I became a producer and writer, first mainly working on YouTube videos, then eventually branching out into journalism and podcasts. As a freelance writer and producer who mostly finds work online, I’m part of what’s known as the gig economy.
Flexible working in the gig economy
I’m far from the only one. A 2018 study from the Department of Work and Pensions estimates that nearly three million Brits per year work in the gig economy, everything from courier or taxi services to freelance writers like me.
The benefits are obvious – flexibility and autonomy. Many are in further education, or have childcare responsibilities they need to work around.
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Flexible, no-commitment work can be ideal for myriad reasons. The DWP report suggests that the majority of people who work in the gig economy don’t use it full time, but to supplement other income.
But there are downsides, too. Average hourly earnings are lower than minimum wage, for example, and there is no holiday or sick pay. There certainly isn’t any job security.
But for me that’s a trade-off I’m happy with for a couple of years. Unlike my young self, age 19 and trying to get a record deal, I have two decades of working experience and transferable skills to fall back on.
Changing careers: an ambition for any age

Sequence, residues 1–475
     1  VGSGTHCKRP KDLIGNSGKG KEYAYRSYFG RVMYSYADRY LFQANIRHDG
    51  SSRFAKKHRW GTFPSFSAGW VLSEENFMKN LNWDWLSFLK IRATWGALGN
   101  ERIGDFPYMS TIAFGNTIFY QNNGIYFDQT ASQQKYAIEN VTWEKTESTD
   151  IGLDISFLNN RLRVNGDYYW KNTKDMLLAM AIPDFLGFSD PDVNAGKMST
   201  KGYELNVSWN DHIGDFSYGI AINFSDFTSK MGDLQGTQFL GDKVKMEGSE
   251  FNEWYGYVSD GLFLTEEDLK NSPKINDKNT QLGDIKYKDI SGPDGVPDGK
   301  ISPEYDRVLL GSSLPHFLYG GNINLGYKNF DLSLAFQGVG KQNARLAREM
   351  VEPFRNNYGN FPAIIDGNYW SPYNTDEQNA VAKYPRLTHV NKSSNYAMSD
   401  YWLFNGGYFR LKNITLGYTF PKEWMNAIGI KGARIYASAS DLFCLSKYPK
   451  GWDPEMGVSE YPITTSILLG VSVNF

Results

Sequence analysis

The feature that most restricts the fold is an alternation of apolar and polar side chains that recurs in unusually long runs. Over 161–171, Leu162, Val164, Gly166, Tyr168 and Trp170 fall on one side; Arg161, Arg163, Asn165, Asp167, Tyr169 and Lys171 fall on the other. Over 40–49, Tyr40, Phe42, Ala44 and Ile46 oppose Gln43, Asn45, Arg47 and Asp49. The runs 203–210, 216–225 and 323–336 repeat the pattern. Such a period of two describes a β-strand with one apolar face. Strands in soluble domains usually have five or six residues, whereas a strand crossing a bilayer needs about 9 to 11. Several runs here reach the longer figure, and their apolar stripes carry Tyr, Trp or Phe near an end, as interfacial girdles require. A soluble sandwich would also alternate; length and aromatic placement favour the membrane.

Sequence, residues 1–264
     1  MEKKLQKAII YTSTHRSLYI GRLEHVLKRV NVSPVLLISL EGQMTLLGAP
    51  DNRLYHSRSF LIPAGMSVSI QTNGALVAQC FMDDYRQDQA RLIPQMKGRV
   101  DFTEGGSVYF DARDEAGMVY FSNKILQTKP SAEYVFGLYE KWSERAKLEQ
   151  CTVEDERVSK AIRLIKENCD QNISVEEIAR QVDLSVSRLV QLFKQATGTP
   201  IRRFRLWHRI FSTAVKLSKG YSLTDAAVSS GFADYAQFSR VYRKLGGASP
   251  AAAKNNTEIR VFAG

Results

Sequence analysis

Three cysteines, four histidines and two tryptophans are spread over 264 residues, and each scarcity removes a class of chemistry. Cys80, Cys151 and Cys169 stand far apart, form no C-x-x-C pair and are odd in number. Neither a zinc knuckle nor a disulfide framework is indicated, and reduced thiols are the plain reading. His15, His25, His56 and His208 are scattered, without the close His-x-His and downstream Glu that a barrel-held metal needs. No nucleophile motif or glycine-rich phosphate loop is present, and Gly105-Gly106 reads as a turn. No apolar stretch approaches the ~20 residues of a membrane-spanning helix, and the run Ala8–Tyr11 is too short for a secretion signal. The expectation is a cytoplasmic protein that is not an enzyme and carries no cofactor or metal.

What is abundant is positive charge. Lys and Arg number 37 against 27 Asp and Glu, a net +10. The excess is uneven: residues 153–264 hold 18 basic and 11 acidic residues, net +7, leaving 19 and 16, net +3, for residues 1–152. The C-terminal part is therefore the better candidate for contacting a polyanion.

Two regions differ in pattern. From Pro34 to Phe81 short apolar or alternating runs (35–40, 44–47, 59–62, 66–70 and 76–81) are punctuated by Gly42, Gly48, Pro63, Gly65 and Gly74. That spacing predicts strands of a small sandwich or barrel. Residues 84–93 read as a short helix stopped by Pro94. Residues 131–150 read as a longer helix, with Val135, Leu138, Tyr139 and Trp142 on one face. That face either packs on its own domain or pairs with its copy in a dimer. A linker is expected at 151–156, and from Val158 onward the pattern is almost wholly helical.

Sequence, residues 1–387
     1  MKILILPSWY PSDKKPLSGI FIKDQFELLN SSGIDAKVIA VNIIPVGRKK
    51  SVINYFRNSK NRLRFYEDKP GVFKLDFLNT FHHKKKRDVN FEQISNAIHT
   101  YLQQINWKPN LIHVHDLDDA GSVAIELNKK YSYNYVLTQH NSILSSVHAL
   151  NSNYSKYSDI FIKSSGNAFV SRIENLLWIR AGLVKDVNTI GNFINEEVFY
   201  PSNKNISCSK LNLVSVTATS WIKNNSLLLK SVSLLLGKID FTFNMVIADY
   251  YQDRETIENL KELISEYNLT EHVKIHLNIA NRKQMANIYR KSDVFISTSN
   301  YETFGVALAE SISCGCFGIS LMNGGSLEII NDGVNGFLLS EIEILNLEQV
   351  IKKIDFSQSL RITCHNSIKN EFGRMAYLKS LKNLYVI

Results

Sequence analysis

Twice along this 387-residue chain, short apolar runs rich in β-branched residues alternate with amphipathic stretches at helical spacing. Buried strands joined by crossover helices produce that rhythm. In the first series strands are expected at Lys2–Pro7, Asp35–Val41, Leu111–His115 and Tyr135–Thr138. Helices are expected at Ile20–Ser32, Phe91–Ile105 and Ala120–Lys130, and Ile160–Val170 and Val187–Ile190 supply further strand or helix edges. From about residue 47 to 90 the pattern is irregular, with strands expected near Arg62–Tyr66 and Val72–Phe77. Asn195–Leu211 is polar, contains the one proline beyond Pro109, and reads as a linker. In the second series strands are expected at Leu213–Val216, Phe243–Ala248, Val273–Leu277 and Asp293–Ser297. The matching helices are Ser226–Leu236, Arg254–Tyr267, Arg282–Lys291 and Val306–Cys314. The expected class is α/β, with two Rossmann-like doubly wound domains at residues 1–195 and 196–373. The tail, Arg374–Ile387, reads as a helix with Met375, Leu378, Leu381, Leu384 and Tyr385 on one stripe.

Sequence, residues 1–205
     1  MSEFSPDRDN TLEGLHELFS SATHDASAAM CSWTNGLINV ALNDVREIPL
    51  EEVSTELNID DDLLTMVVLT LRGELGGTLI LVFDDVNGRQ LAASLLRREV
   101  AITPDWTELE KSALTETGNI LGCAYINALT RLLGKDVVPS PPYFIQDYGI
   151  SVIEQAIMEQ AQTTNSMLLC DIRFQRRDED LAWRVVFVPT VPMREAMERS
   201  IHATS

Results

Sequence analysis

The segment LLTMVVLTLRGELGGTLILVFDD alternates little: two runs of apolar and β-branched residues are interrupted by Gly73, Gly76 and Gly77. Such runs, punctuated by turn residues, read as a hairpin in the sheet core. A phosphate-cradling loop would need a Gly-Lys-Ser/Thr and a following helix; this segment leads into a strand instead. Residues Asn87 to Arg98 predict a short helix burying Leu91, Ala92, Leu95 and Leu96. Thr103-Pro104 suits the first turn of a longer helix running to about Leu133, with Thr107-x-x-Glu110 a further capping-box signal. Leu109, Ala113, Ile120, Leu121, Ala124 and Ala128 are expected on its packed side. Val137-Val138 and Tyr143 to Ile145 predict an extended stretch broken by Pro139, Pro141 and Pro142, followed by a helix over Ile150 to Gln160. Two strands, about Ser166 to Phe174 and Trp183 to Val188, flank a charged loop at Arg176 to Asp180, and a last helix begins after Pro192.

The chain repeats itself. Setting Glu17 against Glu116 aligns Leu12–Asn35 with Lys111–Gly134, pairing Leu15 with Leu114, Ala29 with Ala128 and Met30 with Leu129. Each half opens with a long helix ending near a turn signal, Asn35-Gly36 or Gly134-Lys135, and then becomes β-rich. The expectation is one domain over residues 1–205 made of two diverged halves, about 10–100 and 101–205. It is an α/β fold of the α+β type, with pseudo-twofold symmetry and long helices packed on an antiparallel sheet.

If anything, my early 40s is the best time to take the risk of changing career. I now have the time to work on my first book, and I’m even considering finally pursuing a master’s degree.
Many of my family and friends are making similar changes – one family member learned to drive in her forties and changed careers from graphic designer to social work, and a solicitor friend recently gave up the law to retrain as a primary school teacher.
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I believe it’s possible to change career at any age, if you have a clear idea of where you’re going and how to get there.
With more and more professionals choosing to take a travel or parenting break, mid-life can be the perfect time to re-assess whether the career path you’re on is the right one.
It may take a few sacrifices, but you’ll be making them at a time when you’re old enough, wise enough and confident enough to weather the storm.
If there’s no such thing as a job for life, then there doesn’t have to be a career for life either.
Take time out to rethink your career
Grab some head space with one of these brilliant escapes
Let loose in the jungle hills of Bali
Soothe your soul in a unique riverside retreat by the jungle hills of Ubud, with anti-gravity yoga and rousing treks. Then, climb a live volcano at sunrise, snorkel a shipwreck and wind down on the idyllic traffic-free island of Gili Air. Dreamy.
Think big on the plains of Zimbabwe
There’s nothing like the golden plains of Zimbabwe – with all her majestic wildlife – for putting life into perspective. Join us on safari across one of the country’s best-loved nature reserves, along with luxury camps, river rafting and a helicopter ride above Victoria Falls.
Reset your work-life balance in Chile
Knock back red wine at sunset in the Atacama Desert, white-water raft down the Petrohué River and sail between glaciers in Chilean Patagonia. Not to mention an epic day-long hike through Torres del Paine National Park.